Breaking: NTSB preliminary report says 737-9 MAX door plug bolts appear to have been missing


Seatbelts were fastened, and the exit doors were closed and armed. But the door plug bolts on the mid-fuselage may not have been in the holes that were drilled for them. Inspectors found no evidence that the threads had ever been used.

The initial report on the Jan. 5, 2024 door plug failure on an Alaska Airlines flight says the door plug made a loud bang when it separated from Flight 1282, and crew in the cockpit reported their ears popped.

The report from the National Transportation Safety Board also says that the bolts that were to hold that door plug on the aircraft appear to have never been in place before flight. The aircraft had just come off the factory floor in October.

“Overall, the observed damage patterns and absence of contact damage or deformation around holes associated with the vertical movement arrestor bolts and upper guide track bolts in the upper guide fittings, hinge fittings, and recovered aft lower hinge guide fitting indicate that the four bolts that prevent upward movement of the MED plug were missing before the MED [mid exit door] plug moved upward off the stop pads,” the report says of investigators’ inspection of the door plug, which was found in a residential garden southwest of Portland not long after it fell from the jet that had been heading to Ontario, Calif. from Portland..

The 19-page report was issued a month and a day after the Jan. 5 mid-air incident that happened on Alaska Airlines Flight 1282, after which all Boeing 737-9 MAX jets were grounded for inspection and bolt-tightening. As of Tuesday, more than 90% of those jets are back in the air.

“The captain said that, while climbing through about 16,000 ft, there was a loud bang,” the report says. “The flight crew said their ears popped, and the captain said his head was pushed into the heads-up display (HUD) and his headset was pushed up, nearly falling off his head. The FO [first officer] said her headset was completely removed due to the rapid outflow of air from the flight deck.”

In a House committee today in Washington, D.C., Federal Aviation Administration Administrator Mike Whitaker said his agency is closely scrutinizing Boeing after the most recent incident. The FAA will have more boots on the ground monitoring production and manufacturing activities, he said.

Also, Spirit AeroSystems, which makes the fuselage for Boeing and which has taken responsibility for the blowout, made a decision to withhold financial guidance to investors and potential investors on its fiscal performance for this year until it finds its path, since the 727 MAX production has come to a pause at Boeing. Spirit depends almost exclusively on Boeing for its business model.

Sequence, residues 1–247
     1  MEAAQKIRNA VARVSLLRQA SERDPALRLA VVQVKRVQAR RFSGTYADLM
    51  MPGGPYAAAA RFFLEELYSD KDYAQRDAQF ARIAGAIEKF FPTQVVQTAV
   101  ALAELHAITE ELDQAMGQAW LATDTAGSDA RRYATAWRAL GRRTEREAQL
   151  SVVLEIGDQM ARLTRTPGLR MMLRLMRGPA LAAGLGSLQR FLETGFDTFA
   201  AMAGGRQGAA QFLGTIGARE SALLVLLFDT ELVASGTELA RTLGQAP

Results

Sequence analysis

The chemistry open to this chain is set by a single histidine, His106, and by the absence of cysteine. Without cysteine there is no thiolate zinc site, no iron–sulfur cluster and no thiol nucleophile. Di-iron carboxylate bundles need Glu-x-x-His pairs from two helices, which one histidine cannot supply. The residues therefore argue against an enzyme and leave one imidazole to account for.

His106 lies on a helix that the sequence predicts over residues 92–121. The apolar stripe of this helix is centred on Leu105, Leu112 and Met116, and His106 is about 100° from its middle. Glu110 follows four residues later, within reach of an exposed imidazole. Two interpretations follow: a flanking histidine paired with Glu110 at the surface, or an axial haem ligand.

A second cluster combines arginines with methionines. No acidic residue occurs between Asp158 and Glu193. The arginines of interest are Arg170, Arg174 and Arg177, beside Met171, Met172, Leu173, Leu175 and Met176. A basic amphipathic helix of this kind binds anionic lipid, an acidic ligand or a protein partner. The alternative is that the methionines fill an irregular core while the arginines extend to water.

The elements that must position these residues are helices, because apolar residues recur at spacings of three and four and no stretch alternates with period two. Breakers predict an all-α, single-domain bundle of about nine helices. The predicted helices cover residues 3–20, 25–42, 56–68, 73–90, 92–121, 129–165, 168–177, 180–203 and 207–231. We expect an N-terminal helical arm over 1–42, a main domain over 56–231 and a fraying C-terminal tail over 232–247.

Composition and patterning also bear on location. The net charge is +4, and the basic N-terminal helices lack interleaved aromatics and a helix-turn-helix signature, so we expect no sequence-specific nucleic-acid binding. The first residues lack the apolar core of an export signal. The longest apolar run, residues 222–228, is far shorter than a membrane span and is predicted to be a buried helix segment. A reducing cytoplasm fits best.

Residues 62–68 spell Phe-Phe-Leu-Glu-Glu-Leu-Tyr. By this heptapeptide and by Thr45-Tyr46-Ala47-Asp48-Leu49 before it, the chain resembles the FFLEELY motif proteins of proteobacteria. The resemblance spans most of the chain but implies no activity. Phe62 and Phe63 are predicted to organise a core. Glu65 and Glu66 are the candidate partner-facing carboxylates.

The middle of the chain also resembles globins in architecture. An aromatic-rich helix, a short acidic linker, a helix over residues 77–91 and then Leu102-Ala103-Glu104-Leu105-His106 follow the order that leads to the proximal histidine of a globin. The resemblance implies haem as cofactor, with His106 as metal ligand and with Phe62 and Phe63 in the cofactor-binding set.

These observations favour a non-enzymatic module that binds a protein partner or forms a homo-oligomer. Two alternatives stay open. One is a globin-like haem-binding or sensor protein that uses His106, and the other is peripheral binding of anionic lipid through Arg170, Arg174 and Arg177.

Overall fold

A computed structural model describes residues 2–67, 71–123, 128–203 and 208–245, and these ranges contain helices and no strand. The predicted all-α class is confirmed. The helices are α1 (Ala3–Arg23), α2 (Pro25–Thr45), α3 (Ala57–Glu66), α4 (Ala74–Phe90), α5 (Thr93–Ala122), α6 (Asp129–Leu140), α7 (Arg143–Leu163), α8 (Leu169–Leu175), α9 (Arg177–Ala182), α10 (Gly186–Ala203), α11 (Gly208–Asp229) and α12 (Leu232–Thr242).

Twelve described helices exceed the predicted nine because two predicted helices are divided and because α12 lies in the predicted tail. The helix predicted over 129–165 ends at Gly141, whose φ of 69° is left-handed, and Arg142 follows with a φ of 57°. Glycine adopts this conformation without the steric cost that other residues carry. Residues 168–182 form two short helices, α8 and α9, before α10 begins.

The Federal Aviation Administration is engaged in a “nose-to-tail, wingtip-to-wingtip inspection” of the 737 MAX processes at the Renton, Washington factory, and at Spirit AeroSystems in Wichita, Kansas.

Shares of Boeing Co. are down 20% since Jan. 6.


  1. I believe the bolts were removed during a maintenance procedure by Alaska Airlines. The airplane had 143 cycles before the door plug left the aircraft. It will probably eventually come out that it was removed and reinstalled at some point in the weeks prior to the event, we will see. I find it hard to believe the airplane had 143 takeoffs and landings before the door plug succumbed to the 8 PSI pressure that it is has endured 143 times going through 16000 feet on it’s way to altitude.

    • Sorry Robert, but if you had any mechanical sense, you can easily tell if something had been threaded. This is a quote from the article.

      “Inspectors found no evidence that the threads had ever been used….”

      Fire all Union Employees!

  2. You got it ! They knew of a pressurization issue with that aircraft . I’ve maintained it was a AkAir maintenance issue at that point . Either improperly inspected or negligence .

    • What else is going unnoticed, unchecked, overlooked, improperly inspected and/or, willful – intentional negligence? Seems like pre-flight inspections, as well as, “known” pressure anomalies would cause a level of concern and curiosity, that competent – responsible individuals would want answers so as to minimize risks to the Aircraft, Passengers, and Crew. As this issue develops, it appears that AK Air’s main focus was on capitulation to all of this DEI nonsense, which will lead many to question the safety culture, and ultimately diminishing confidence in investors, crew, and passengers.

    • Nowadays, I’m guessing you can get a cheaper rate for the seats next to these door plugs and/or exit doors?!?!? Maybe(???), AK Air will even offer free ice cold adult beverages too?

    • It’s not the overwing exit doors in the exit rows. The plug is further aft on the right side fuselage about 2 thirds the way down the tube. Some airplanes actually have a MED installed because they are configured to carry more passengers. Regulations require an additional door for emergency egress.

  3. The illusion of safety continues to abound in aviation. Cost cutting is still the highest priority for the airlines. Maintenance is the easiest way to cut costs while the rest of the industry makes good money. Until this changes, we can expect more of the same.

    • ALK stock still has 55% upside potential and looks to be poised for a nice swing play … just sayin’ why not profit on a potential opportunity (!!!)


Please enter your comment!
Please enter your name here

This site uses Akismet to reduce spam. Learn how your comment data is processed.